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FEM simulation for the qualification of ITER first wall components

The first wall components consist of beryllium (Be) on the surface, high strength copper as heat sink material (CuCrZr), and stainless steel as structural material. Electron beam high heat flux (HHF) testing represents one of the most appropriate methods to qualify the design and manufactory techniques of the component.

Due to the toxicity of Be, special security considerations should be taken into account. Practically, a sophisticated temperature measurement system is installed to trigger a shutdown process during testing if the Be surface temperature reaches a certain level, with the purpose of avoiding Be evaporation. However, it is helpful if the potential temperature can be calculated before testing. The finite element method (FEM) simulation is a proper way to solve this problem. It is feasible to predict the acceptance of the testing conditions without performing any HHF test.

Besides, 3D thermo-mechanical simulation provides the stress and strain distribution of the mock-up during testing, which is used to predict the failure trigger of the mock up. Figure 1 shows the temperature distribution calculated by FEM for the demonstration mock up loaded with 2 MW/m² for 30 s with coolant water velocity of 3 m/s and coolant temperature of 70 °C. The result shows that a maximum temperature of 370 °C is achieved at the Be top surface. Figure 2 shows the equivalent stress distribution of the MU loaded with 2 MW/m² for 30 s, which indicates that the maximum equivalent stress (588 MPa) occurs between the middle tile (Be2) and the adjacent CuCrZr joint.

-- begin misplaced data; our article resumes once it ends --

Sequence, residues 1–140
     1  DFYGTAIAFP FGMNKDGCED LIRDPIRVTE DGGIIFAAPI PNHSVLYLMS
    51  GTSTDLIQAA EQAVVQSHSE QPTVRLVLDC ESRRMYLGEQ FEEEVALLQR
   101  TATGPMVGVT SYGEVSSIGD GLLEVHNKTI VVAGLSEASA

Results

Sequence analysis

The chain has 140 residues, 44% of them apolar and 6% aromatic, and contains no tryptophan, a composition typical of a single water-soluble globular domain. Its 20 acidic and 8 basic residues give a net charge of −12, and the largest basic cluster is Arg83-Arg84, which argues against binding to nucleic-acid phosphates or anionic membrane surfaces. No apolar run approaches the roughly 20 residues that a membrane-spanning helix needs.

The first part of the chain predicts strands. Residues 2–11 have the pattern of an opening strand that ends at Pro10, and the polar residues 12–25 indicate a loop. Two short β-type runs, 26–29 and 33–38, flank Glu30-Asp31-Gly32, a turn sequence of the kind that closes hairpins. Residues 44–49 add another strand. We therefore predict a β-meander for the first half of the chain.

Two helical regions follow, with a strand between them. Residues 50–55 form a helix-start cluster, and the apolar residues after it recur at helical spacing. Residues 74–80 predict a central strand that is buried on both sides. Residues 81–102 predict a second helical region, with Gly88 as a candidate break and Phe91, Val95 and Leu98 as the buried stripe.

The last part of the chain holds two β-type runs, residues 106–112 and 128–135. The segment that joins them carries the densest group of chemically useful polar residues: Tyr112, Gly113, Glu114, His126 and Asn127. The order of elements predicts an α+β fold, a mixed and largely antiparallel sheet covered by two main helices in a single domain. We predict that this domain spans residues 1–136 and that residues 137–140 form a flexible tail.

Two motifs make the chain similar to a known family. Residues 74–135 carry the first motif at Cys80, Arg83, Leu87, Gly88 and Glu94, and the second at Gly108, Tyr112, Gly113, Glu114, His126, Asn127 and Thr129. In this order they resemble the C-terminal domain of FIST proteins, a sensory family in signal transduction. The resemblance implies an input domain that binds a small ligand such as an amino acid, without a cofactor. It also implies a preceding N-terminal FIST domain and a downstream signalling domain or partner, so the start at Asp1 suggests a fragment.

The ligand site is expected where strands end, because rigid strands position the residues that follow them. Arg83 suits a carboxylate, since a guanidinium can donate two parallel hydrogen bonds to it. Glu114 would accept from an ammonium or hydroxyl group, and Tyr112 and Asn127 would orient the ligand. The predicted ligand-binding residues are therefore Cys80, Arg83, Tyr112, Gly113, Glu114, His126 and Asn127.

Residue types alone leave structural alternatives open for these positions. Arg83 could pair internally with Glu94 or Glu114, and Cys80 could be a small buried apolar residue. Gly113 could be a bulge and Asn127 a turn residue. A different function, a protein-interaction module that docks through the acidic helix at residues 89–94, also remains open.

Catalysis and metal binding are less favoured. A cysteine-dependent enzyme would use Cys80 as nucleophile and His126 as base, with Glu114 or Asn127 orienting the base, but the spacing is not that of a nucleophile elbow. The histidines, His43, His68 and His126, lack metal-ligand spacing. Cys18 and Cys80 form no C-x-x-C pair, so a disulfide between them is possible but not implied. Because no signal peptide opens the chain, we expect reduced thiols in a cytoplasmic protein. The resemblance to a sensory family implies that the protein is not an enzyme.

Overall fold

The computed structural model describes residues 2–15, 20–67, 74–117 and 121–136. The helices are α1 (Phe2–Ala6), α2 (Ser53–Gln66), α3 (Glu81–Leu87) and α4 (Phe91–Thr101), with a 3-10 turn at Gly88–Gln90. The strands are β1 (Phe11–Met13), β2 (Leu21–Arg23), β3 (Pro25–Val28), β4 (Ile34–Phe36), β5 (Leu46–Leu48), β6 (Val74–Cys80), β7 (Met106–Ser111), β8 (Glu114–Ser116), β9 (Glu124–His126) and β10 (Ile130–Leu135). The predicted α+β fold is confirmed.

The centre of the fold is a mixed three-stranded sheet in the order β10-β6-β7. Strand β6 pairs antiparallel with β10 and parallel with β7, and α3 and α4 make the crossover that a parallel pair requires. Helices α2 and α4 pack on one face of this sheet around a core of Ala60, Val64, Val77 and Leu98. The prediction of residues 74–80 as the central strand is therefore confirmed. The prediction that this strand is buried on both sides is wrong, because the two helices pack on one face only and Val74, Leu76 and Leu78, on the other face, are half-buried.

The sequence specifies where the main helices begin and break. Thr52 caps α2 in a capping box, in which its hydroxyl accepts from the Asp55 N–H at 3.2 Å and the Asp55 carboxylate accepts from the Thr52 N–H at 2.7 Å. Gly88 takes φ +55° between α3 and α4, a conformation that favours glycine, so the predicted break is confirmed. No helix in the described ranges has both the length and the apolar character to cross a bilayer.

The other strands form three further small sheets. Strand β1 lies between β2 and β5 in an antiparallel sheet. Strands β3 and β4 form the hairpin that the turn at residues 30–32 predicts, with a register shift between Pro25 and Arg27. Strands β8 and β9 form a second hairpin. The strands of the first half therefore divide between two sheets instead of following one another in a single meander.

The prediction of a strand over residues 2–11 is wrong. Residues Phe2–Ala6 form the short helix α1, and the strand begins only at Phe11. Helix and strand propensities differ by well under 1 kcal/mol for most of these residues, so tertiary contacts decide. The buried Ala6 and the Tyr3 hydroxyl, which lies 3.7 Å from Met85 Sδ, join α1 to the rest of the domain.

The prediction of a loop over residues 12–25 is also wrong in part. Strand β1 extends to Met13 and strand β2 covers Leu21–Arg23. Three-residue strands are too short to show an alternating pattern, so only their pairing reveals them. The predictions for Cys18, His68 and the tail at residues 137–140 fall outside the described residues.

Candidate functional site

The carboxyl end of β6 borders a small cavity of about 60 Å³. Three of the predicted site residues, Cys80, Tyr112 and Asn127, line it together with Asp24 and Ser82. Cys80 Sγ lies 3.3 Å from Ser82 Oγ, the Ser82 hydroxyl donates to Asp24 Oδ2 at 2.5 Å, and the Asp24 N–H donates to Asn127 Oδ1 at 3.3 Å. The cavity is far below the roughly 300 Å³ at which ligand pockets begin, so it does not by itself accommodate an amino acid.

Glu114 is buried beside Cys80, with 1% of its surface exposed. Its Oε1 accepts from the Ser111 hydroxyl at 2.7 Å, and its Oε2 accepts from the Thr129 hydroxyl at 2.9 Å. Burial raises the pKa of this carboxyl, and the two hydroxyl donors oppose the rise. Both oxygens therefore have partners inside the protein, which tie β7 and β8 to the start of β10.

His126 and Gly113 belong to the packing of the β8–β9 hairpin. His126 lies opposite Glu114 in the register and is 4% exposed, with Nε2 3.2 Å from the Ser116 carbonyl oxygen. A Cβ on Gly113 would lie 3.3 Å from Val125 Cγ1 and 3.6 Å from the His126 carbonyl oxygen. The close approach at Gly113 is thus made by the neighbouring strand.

The high stress concentration indicates the joining corner is prone to being the starting point of failure. This prediction is in a very good agreement with experimental results. The picture at the top-left of figure 2 is taken by infrared camera and shows the mock up during the experiment. It shows the overheating of the predicted failure location at the corner of the middle tile Be2.

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Temperature distributionFigure 1. Temperature distribution of demonstration mock up loaded with 2 MW/m² for 30 s. Cooling water parameters: pressure 2 MPa; velocity 3 m/s; temperature 70 °C.

Equivalent stress distributionFigure 2. Equivalent stress distribution of MU under elastic assumption calculated by FEM. The infrared image of the failed MU (top-left) indicates the overheating of the tile Be2 at the corner.